Euro to Pound Exchange Rate Edges Higher Thanks to Forecast-Beating Eurozone Data
Tuesday saw the publication of a slew of Eurozone and UK ecostats, and despite most recent Eurozone data falling short, the latest figures helped the Euro to Pound Sterling (EUR/GBP) exchange rate to continue its recent advance.
Brexit jitters caused EUR/GBP to rebound strongly last week, regaining over half of the losses it had seen the previous week and jumping from 0.8635 to 0.8759.
EUR/GBP gains have been modest this week so far, the pair trending at the level of 0.8778 at the time of writing today. However, the pair may be in for further gains if German data due towards the end of the week is able to best market expectations.
Investors are concerned about a slowdown in the Eurozone’s economy, but as Tuesday’s Eurozone data was less disappointing than the latest UK data the Euro to Pound exchange rate was able to continue its gradual climb.
Euro (EUR) Exchange Rate Finds Limited Strength Following Mixed PMI Results
For much of the past week, the Euro’s (EUR) strength has been limited due to signs that Germany’s economy was on track to see a longer economic slowdown than previously expected.
Germany’s data continues to fall short of expectations this week, worsening concerns about the Eurozone’s biggest economy, but much of Tuesday’s other Eurozone ecostats offset concerns slightly and printed better than forecasts predicted.
The Eurozone’s overall services PMI remained at 51.2, rather than falling to 50.8 as expected. As a result, the composite PMI only slipped from 51.2 to 51 rather than the expected 50.7.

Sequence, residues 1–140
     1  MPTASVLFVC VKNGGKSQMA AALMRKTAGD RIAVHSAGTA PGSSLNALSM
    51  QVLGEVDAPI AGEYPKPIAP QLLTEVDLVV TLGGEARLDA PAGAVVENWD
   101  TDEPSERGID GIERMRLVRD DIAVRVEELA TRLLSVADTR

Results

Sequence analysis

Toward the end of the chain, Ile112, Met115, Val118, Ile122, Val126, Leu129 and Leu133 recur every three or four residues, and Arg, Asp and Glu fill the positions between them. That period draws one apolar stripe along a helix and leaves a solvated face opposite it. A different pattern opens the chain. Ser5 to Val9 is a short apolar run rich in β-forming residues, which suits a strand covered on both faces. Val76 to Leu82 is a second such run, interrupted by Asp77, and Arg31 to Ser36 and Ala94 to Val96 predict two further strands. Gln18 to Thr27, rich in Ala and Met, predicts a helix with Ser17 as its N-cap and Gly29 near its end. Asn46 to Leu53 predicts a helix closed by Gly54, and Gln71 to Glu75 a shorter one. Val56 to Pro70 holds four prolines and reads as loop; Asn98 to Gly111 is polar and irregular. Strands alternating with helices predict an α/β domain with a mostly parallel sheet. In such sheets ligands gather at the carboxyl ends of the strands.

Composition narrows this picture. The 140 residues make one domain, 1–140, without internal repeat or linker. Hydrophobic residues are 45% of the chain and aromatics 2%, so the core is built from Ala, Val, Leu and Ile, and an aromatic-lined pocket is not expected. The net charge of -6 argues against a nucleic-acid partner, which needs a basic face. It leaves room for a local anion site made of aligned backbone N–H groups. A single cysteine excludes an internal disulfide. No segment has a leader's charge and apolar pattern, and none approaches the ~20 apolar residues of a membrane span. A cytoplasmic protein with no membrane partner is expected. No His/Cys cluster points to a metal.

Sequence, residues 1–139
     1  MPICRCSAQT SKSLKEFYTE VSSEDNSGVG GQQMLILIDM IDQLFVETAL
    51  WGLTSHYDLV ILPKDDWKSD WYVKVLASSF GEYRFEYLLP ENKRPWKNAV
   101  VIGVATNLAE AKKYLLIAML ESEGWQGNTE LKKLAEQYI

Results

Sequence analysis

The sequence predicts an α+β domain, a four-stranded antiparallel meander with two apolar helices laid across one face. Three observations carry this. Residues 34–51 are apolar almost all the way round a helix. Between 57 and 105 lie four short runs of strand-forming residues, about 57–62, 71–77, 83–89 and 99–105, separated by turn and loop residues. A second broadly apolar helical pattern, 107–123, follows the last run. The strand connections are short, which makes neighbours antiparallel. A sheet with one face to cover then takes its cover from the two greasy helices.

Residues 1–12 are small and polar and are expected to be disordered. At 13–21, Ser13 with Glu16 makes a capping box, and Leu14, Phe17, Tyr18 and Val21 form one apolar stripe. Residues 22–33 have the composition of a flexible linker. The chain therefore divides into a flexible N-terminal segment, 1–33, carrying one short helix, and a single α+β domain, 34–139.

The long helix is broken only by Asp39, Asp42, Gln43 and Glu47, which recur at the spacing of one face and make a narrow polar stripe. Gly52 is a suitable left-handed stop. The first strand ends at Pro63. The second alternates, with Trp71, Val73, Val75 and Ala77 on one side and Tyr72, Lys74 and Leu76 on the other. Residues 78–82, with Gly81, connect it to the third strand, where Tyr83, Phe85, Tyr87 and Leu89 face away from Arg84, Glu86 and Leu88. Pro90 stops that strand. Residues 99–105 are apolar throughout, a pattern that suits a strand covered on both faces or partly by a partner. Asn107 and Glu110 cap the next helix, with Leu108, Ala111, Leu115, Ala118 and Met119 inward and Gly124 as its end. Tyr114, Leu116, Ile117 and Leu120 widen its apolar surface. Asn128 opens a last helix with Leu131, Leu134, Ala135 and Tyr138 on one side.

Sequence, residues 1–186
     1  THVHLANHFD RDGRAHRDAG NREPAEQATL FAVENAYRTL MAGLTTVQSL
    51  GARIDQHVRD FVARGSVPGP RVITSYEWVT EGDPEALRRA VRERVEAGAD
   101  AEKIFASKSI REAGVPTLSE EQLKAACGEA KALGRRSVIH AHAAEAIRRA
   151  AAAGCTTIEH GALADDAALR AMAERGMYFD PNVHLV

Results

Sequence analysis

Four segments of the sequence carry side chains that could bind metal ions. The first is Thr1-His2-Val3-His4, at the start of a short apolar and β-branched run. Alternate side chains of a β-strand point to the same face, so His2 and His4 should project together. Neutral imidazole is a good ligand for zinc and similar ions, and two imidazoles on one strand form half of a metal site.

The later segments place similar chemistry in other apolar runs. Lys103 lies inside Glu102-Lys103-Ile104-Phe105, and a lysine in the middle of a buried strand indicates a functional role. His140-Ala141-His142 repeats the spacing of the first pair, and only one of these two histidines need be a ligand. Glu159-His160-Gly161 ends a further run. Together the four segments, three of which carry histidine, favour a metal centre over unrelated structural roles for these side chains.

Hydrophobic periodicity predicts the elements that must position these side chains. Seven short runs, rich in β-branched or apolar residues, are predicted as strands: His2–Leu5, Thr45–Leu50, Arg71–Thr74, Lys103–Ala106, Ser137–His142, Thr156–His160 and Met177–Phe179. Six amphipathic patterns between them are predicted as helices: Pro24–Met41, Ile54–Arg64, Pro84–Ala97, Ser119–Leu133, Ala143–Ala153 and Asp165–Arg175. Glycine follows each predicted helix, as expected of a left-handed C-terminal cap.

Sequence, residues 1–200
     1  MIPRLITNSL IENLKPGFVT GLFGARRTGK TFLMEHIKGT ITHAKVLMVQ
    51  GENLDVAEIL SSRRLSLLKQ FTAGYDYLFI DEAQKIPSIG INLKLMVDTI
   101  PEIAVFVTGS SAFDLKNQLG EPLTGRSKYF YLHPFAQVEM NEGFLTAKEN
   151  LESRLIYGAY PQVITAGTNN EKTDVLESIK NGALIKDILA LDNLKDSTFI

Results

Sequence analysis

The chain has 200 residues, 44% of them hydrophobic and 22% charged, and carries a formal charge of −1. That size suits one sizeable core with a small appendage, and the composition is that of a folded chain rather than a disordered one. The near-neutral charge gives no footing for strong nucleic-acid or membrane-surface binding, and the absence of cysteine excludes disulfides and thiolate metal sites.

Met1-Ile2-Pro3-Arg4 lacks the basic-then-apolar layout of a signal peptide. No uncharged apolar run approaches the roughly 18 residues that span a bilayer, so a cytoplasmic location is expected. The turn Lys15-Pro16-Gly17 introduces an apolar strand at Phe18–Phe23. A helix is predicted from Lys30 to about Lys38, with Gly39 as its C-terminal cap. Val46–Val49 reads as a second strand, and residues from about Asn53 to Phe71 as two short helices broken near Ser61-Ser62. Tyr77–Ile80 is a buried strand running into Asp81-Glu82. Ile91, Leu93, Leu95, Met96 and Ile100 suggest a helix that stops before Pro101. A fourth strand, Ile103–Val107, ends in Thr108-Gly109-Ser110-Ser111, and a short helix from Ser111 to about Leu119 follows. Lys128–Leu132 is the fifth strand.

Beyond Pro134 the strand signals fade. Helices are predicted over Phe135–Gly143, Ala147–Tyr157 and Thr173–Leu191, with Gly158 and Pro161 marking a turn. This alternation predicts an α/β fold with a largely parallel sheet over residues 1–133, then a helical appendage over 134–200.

On top of this, the Eurozone’s December retail sales results slowed from 1.8% to 0.8% year-on-year instead of the forecast 0.5%. These figures helped the Euro to edge higher versus a weaker Pound (GBP) today.
However, these stats weren’t exactly strong either and still indicated that the Eurozone economy was slowing. This meant that EUR/GBP gains were modest.
Pound (GBP) Exchange Rates Sold as UK PMIs All Fall Short
After UK manufacturing and construction PMIs fell short in recent sessions, the Pound’s appeal was further dented today as Markit’s January services PMI indicated that the services sector was nearing stagnation.
Markit’s January services PMI was forecast to have slipped from 51.1 to 51.0. While the previous figure was revised slightly higher to 51.2, the new figure printed at just 50.1. This put it just barely above the 50 point mark separating stagnation from growth.
Analysts were concerned about the practically stagnant services growth, with businesses indicating that a combination of lasting Brexit uncertainties and global growth concerns were the cause of the weaker business activity.
These figures served as a market reminder that there was still no resolution on Brexit. According to Sam Cooper, Vice President of Market Risk Solutions at Silicon Valley Bank:
‘Today’s weak reading adds to the downward pressure currently exerted on Sterling as fears of an economic slowdown in the face of Brexit uncertainty begin to surface.
While the data will feed some short-term volatility to the Pound, focus will remain on Westminster as the main engine behind long term sterling strength as Brexit plays out.’
Euro to Pound (EUR/GBP) Exchange Rate Investors Await German Ecostats
With Brexit uncertainties keeping pressure on the Pound, the Euro is more likely to drive Euro to Pound (EUR/GBP) exchange rate movement for the remainder of the week – at least until there is some kind of Brexit development.
Most of the week’s most influential Eurozone data has been published, but influential German factory and trade data due in the second half of the week could make investors more anxious about Germany’s slowing economy.
German factory orders stats from December, will be published on Wednesday, as well as January’s construction PMI.
December’s German industrial production report will follow on Thursday, with Germany’s December trade balance report rounding off the week on Friday.
The Bank of England (BoE) will hold its February policy decision on Thursday, but unless the bank’s tone notable changes or has an impact on the Brexit outlook it is unlikely to cause much movement in the Euro to Pound (EUR/GBP) exchange rate.